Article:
For all the months of work that went into renovating the Walmart Supercenter along Panama Lane next to Highway 99, one could have gotten the impression Friday that all might have been for naught but for the ceremonial powers vested in Bakersfield Mayor Karen Goh.
All had gone smoothly during the first part of the celebration as employees of Walmart store number 1574 milled about the parking lot in bright blue vests and customers took pictures with visiting product mascots Chester Cheetah, Buzz the Honey Nut Cheerios bee and Osito the Bimbo bear.
Store associate Monica Reyes sang the national anthem while one patriotic customer single-handedly steered a shopping cart through the assembled crowd while keeping the other hand on his heart as he lip-synced lyrics to “The Star-Spangled Banner.”
Store manager Maria Vorjas took the Pepsi-bedecked stage to welcome the audience and encourage everyone to enjoy the remodeled electronics section, expanded parking lot and improved pickup service for online orders.
Nary a glitch surfaced during a series of appearances by representatives of locally elected legislators. Goh herself kept things moving along by accepting the microphone to thank store employees for helping the community live better, adding, “It is indeed a grand day!” and presenting one of at least four official certificates of recognition given out Friday before 10 a.m.
Next came oversize checks of $1,000 or more to seven local nonprofits, followed by a brief pep rally for employees (“Who’s No. 1?” called out a supervisor. “Fifteen seventy-four!” his crew shouted back.)
Right about then things came to a standstill. With dozens of employees lined up behind, a red ribbon was stretched out in front of the Pepsi stage — but where were the giant scissors?
That’s when the mayor sprang into action.
“I’ll be right back,” Goh told a reporter as she hurried away from the crowd and into the parking lot. In her absence, someone brought out a cheerfully decorated but apparently ineffectual giant scissors, which were quickly set aside.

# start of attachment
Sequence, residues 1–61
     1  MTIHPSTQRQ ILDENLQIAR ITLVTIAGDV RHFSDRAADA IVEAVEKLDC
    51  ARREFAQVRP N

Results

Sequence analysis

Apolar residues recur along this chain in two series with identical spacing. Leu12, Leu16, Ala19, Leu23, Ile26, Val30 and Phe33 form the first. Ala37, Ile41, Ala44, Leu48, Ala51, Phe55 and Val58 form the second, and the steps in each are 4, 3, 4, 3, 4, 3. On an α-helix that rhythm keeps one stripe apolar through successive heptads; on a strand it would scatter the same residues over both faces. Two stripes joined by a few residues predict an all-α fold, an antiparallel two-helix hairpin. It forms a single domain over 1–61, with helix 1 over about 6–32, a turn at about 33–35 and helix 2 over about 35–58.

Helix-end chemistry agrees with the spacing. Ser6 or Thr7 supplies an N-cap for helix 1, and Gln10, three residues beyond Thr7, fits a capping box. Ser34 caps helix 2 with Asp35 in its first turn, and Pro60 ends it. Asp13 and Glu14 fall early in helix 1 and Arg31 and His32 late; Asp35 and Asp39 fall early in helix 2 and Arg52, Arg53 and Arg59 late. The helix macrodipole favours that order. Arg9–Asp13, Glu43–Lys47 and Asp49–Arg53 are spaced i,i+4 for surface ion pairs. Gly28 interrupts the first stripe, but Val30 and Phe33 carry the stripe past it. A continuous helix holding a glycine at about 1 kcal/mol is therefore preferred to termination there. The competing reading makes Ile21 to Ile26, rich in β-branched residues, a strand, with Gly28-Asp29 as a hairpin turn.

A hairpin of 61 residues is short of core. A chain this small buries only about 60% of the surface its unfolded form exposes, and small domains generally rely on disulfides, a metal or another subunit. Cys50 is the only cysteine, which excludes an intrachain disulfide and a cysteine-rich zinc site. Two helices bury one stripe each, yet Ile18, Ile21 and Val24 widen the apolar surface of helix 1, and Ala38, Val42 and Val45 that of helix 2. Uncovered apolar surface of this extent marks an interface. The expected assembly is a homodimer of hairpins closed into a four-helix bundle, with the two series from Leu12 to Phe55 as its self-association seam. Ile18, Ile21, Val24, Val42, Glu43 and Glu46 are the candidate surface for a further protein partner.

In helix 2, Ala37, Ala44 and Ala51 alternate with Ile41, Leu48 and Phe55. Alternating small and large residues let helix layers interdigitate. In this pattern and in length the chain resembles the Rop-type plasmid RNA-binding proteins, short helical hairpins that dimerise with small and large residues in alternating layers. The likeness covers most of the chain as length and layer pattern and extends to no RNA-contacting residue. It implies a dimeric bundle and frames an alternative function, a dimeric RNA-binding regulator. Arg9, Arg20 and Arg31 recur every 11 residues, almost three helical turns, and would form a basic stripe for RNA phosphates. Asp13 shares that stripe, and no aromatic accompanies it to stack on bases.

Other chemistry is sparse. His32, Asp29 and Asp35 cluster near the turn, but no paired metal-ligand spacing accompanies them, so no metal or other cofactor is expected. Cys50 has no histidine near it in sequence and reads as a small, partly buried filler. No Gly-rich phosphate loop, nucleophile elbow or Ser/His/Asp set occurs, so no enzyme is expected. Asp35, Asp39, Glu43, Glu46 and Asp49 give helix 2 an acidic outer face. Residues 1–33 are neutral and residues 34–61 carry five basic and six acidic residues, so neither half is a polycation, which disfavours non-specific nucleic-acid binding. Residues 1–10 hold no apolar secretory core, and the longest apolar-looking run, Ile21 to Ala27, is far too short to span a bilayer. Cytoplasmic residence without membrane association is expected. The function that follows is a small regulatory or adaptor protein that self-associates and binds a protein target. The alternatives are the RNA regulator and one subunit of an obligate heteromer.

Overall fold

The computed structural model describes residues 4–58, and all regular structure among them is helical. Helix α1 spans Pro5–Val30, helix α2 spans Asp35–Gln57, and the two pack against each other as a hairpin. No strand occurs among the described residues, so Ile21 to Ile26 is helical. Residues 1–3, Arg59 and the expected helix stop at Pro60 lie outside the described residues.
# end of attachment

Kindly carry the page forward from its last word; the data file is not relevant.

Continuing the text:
A nervous Walmart supervisor whose bright pink shirt stood out from the crowd shouted for the manager on stage to “keep talking” into the mic. But the message didn’t get through and the event itself seemed to teeter on disappointment. Would the ribbon ever be cut?
Minutes passed slowly until the mayor returned from her vehicle and emerged triumphantly — not running, it should be noted — with almost comically large, crimson-handled scissors that made short work of the taut ribbon.
A regular shopper at the Walmart, Samantha Lopez, who lives behind the Lowes store next door, said she found the remodel a little confusing because so much merchandise had been moved around but that she liked how it turned out.
Mainly, Lopez said, she liked that Walmart had added a number of self-checkout lanes in front of the store.
“It used to be just a section,” she said, “but now it’s pretty much taken over the cashiering.” (To be fair, checkout areas with manned registers remain available inside the store, even as the self-checkout area has clearly expanded.)
One question went unanswered following Friday’s ceremonial grand reopening: Where was the new mural?
Commissioned to Los Angeles-based muralist Daniel Smith, the artwork had been featured in a Walmart news release previewing Friday’s event. It featured four women of differing ages and races gazing toward the horizon, one carrying produce and wearing an apron bearing the name Bakersfield, as they stood in front of oilfield pumping units.
A store employee directed a reporter to the store’s eastern entrance, where sure enough, the mural greeted shoppers as they filed in.
“It’s very pretty,” shopper and nearby resident Rosa Soto said in Spanish. She noted it does seem to capture Bakersfield with its visual representations of oil and agriculture.
Soto liked the expanded self-checkout area, too, just as she praised the rest of the store.
“You get out faster,” she said.